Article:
Led by Amy Snively, a small crew of dedicated “Faffers” since 2010 have put together nearly annual events giving voice actors time for interactions, learning, discovery and changed professional lives. So what’s so different?
There’s no agenda to start with, no list of learned speakers and talking heads. And there’s an attitude—of respect, support, and openness—that means an atmosphere of trust and learning.
FaffCon was born after a major conference when some participants decided it was time for a conference with the agenda set by participants. The best parts of most conferences often take place in between sessions, out in the hall, in the bar, or over dinner, after all. So why not make that the goal? Peer learning. Crowd directed sessions.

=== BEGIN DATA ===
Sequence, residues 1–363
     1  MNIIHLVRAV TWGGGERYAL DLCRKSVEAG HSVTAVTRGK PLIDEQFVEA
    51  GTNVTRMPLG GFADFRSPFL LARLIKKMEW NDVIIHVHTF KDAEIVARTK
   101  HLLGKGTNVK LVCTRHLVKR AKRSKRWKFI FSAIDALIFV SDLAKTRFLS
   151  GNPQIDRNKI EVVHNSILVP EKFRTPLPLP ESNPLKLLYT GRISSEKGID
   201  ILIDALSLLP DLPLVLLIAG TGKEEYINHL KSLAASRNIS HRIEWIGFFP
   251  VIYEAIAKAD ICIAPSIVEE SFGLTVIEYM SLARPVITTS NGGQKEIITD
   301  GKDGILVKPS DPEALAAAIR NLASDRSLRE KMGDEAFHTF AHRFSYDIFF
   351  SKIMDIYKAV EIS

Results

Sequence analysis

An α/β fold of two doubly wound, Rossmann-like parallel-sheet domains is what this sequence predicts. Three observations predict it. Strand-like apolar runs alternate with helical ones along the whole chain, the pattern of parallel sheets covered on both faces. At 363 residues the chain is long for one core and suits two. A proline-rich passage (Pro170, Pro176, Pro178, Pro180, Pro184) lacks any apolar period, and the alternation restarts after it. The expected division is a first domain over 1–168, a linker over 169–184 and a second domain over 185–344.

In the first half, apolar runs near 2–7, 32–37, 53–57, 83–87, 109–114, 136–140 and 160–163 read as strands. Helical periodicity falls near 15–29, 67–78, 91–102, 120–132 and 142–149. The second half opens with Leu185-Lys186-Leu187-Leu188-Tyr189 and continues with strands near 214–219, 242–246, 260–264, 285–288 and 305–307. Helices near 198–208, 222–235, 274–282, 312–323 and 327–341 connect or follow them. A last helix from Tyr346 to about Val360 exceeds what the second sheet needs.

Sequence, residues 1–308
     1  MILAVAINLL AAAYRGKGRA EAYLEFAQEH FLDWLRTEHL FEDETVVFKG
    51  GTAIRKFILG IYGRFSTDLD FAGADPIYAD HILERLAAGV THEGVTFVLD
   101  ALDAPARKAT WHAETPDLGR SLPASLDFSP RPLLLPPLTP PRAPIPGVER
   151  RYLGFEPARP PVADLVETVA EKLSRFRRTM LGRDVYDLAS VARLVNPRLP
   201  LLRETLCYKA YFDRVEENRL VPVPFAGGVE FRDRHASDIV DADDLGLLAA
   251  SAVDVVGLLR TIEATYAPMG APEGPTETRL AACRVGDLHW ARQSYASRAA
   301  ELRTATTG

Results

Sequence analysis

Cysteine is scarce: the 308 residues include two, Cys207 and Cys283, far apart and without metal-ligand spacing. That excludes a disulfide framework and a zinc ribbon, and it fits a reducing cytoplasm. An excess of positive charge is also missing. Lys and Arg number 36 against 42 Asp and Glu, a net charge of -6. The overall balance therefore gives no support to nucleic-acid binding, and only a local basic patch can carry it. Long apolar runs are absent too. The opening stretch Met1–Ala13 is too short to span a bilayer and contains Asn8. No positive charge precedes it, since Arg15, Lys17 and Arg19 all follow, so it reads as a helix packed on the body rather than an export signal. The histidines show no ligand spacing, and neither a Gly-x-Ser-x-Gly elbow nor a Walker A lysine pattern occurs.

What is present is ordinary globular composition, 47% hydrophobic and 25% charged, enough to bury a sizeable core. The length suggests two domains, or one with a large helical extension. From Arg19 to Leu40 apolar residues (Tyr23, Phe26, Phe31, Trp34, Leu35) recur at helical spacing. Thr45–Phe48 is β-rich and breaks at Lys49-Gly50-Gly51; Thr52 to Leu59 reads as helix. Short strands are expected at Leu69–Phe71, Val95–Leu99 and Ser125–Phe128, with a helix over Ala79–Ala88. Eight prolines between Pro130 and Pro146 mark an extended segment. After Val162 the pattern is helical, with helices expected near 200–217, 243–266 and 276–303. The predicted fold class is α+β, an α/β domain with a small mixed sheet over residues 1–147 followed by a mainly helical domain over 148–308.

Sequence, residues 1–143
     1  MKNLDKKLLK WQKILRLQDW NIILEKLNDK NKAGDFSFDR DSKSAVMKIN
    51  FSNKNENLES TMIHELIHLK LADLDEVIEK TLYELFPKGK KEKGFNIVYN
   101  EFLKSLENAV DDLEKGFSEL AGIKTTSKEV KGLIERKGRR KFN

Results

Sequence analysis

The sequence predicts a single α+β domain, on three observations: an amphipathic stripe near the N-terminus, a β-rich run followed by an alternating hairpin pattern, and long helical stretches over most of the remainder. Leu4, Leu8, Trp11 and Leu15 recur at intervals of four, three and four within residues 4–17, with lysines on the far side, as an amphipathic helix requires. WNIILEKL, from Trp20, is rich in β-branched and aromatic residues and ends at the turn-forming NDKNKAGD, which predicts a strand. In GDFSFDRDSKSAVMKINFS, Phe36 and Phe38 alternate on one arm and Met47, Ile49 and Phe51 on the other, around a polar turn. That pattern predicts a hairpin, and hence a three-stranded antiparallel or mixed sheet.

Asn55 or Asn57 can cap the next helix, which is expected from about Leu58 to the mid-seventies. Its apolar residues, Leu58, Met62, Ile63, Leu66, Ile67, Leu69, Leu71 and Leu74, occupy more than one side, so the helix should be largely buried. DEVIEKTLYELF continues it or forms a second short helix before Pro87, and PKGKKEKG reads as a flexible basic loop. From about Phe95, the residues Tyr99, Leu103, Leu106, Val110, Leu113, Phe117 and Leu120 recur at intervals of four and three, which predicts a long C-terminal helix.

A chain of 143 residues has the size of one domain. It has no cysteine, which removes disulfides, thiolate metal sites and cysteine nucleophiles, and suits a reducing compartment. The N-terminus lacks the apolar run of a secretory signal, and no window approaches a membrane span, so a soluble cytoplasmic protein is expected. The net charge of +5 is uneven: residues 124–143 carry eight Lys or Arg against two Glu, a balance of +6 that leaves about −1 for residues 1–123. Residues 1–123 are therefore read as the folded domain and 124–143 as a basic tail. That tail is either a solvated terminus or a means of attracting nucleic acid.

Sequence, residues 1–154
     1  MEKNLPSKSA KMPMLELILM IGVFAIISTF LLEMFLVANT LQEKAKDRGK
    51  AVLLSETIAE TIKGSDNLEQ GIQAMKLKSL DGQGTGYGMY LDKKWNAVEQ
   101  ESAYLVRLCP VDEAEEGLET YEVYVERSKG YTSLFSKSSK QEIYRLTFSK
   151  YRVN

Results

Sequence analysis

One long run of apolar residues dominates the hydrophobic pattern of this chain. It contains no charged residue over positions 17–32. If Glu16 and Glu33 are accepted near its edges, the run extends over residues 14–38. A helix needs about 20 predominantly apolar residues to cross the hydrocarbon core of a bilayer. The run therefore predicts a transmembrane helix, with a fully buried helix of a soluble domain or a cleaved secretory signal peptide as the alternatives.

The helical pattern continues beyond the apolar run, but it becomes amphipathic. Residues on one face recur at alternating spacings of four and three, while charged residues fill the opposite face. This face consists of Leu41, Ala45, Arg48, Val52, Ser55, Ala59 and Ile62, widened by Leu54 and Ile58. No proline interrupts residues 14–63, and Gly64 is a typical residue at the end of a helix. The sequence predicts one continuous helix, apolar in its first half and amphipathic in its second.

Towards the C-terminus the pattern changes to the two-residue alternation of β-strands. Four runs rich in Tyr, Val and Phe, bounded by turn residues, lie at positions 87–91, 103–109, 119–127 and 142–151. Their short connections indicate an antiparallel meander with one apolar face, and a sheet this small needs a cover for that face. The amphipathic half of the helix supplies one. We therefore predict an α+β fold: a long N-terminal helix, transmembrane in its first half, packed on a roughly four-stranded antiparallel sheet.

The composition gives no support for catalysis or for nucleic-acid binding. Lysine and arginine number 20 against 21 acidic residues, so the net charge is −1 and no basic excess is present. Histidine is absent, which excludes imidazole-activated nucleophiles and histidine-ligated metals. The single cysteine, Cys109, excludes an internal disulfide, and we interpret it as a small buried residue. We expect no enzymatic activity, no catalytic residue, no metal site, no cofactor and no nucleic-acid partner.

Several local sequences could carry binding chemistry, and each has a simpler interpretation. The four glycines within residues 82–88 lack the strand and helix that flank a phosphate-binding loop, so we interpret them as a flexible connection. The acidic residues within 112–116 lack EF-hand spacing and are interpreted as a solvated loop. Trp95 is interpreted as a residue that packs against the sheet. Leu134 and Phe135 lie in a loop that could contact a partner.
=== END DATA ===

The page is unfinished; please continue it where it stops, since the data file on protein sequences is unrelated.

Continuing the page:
Amy says she’s done as of FaffCon10. I can see why. It’s a huge undertaking. It’s no small feat finding a place (a city with easy access, a hotel that can accommodate a relatively small group sitting in large, space-consuming circles), and keeping the price affordable, as well as doing just enough to encourage conversations.
FaffCon formally begins with a circle on Friday afternoon—we were always seated in circles because eye contact makes for better talking. We heard from Amy, a standup comedian in her past life, about what Faffy (an inflatable porpoise) expected.
We then broke into groups of 10. These small groups met in breakout rooms, also in chairs arranged in circles, appointed a leader from among us and went over the rules for proposing and asking for presentations. Soon 5×8 colored index cards came out: green for business issues, yellow for tech, purple for performance. If you have an idea for a presentation, fill out a card and write on it with a fat marker. Got a question or request for a session? Write it on a card.